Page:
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0000017b-27e8-d2e5-a37b-7fffd9f70000On November 8, Missourians chose their next governor, determined races for U.S. congressional seats and several for the Missouri statehouse. In addition, voters decided among five proposed changes to the Missouri constitution.See the election results here, and view our coverage below on the local candidates and issues. Post election, we're continuing to add to our coverage with related content.

Blunt Fends off Kander for Senate, Long Re-Elected to House

Republicans held off a Democratic takeover of the U.S. Senate Tuesday, and in doing so voted back incumbents like Sen. Roy Blunt of Missouri.

Blunt took to the stage at the Ramada Oasis Convention Center in Springfield right around midnight Tuesday shortly after Democrat Jason Kander called him to concede.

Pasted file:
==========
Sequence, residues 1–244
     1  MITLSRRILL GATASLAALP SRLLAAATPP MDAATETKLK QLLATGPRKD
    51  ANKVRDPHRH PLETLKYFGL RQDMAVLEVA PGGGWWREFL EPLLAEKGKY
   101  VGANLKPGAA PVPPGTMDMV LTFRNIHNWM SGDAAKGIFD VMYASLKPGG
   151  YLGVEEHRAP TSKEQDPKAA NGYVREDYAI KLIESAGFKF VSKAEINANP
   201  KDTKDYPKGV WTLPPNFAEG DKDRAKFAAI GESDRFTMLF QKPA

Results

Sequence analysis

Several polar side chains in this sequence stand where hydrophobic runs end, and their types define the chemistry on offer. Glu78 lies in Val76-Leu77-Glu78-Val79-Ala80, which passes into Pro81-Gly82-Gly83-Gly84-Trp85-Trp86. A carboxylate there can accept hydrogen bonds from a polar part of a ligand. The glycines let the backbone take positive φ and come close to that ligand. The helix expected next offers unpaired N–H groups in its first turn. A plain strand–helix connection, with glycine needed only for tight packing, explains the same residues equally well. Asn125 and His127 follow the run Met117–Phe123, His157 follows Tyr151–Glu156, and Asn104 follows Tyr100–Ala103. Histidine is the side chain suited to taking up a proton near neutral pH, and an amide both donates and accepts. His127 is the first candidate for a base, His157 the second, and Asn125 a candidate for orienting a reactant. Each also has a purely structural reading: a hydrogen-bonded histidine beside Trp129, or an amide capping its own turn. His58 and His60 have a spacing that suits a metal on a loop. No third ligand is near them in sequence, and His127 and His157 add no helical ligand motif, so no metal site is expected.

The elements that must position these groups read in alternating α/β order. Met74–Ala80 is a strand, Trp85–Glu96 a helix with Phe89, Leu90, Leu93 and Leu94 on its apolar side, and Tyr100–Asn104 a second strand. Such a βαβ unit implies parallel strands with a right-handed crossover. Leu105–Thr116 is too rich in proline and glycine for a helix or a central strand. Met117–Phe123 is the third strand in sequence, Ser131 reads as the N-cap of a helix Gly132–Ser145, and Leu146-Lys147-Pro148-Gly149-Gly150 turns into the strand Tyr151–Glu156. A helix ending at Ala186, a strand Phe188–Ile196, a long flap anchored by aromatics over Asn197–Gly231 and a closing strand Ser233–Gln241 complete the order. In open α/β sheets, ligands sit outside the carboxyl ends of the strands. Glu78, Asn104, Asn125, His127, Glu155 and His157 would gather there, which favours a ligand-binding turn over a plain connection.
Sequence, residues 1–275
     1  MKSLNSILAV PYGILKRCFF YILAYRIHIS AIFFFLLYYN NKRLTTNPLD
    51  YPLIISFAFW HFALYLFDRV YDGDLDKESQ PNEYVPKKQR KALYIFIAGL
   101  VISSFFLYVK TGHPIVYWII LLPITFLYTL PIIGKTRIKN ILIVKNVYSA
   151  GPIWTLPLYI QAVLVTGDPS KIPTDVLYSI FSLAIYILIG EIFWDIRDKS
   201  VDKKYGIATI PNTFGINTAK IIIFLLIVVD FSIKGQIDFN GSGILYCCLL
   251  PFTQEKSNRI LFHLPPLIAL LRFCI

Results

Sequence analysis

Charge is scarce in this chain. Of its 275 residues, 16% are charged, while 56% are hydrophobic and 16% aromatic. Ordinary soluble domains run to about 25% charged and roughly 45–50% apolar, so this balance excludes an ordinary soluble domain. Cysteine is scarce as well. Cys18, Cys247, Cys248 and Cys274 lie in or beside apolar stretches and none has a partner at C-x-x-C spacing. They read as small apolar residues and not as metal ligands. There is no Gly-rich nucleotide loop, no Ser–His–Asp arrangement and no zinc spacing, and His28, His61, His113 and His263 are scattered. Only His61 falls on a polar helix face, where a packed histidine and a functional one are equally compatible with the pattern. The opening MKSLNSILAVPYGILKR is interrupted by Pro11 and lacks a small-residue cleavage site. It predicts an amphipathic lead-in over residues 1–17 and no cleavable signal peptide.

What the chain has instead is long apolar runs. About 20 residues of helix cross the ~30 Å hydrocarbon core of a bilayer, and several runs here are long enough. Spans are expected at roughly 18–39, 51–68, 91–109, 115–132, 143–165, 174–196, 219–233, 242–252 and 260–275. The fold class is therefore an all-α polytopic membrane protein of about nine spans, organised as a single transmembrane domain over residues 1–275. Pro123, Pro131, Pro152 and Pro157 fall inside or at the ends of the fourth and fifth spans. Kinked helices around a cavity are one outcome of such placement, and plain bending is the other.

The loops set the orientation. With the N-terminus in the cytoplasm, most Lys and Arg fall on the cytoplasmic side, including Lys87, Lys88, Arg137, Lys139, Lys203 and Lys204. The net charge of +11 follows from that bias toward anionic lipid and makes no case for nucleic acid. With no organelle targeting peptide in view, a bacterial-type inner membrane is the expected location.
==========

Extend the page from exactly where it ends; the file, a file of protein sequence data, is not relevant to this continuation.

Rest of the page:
“What a competition it was, how sweet it is to win, but particularly how sweet it is to win and be part of what is happening in our state,” Blunt says.

Blunt was referring to a big night for Republicans, who swept all five of the statewide contests and kept its majorities in the House and Senate.

Blunt said that while he did not always agree with how Kander ran his campaign, he acknowledged his hard work. With 99 percent of precincts reporting early Wednesday, the two candidates were separated by about five percentage points. 

Blunt said he’s “ready to get back to work in Washington” with goals of increasing jobs and minimizing “big government.”

“We can do things to change this country and focus again on opportunity,” says Blunt.

Congressman Billy Long of Missouri’s 7th District also won re-election Tuesday, defeating Democrat Genevieve Williams with 67 percent of the vote.

“It’s not that important--one congressman vote—what’s important is the President and who puts people on the Supreme Court and what the fabric of the country is going to look like for the next 40 or 50 years.  So, I was a lot more concerned about the presidential race than I was mine,” explained Long.

Both Blunt and Long will return to majority chambers in both the Senate and House under a Republican president.